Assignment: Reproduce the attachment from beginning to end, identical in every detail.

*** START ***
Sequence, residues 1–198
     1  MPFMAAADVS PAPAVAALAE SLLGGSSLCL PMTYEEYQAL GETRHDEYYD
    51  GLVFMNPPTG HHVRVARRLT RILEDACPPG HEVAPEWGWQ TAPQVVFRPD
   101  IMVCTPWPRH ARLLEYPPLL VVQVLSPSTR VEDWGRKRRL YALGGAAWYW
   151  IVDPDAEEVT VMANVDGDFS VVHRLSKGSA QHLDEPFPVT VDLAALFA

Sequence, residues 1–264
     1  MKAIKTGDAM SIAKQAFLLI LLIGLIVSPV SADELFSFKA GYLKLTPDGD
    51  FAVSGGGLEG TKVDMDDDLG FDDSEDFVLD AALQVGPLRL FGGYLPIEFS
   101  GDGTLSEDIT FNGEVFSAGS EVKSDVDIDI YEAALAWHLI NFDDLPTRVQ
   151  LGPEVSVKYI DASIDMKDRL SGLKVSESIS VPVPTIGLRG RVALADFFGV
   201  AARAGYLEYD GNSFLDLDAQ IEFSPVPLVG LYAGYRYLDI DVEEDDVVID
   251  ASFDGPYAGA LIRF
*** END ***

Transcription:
Sequence, residues 1–198
     1  MPFMAAADVS PAPAVAALAE SLLGGSSLCL PMTYEEYQAL GETRHDEYYD
    51  GLVFMNPPTG HHVRVARRLT RILEDACPPG HEVAPEWGWQ TAPQVVFRPD
   101  IMVCTPWPRH ARLLEYPPLL VVQVLSPSTR VEDWGRKRRL YALGGAAWYW
   151  IVDPDAEEVT VMANVDGDFS VVHRLSKGSA QHLDEPFPVT VDLAALFA

Sequence, residues 1–264
     1  MKAIKTGDAM SIAKQAFLLI LLIGLIVSPV SADELFSFKA GYLKLTPDGD
    51  FAVSGGGLEG TKVDMDDDLG FDDSEDFVLD AALQVGPLRL FGGYLPIEFS
   101  GDGTLSEDIT FNGEVFSAGS EVKSDVDIDI YEAALAWHLI NFDDLPTRVQ
   151  LGPEVSVKYI DASIDMKDRL SGLKVSESIS VPVPTIGLRG RVALADFFGV
   201  AARAGYLEYD GNSFLDLDAQ IEFSPVPLVG LYAGYRYLDI DVEEDDVVID
   251  ASFDGPYAGA LIRF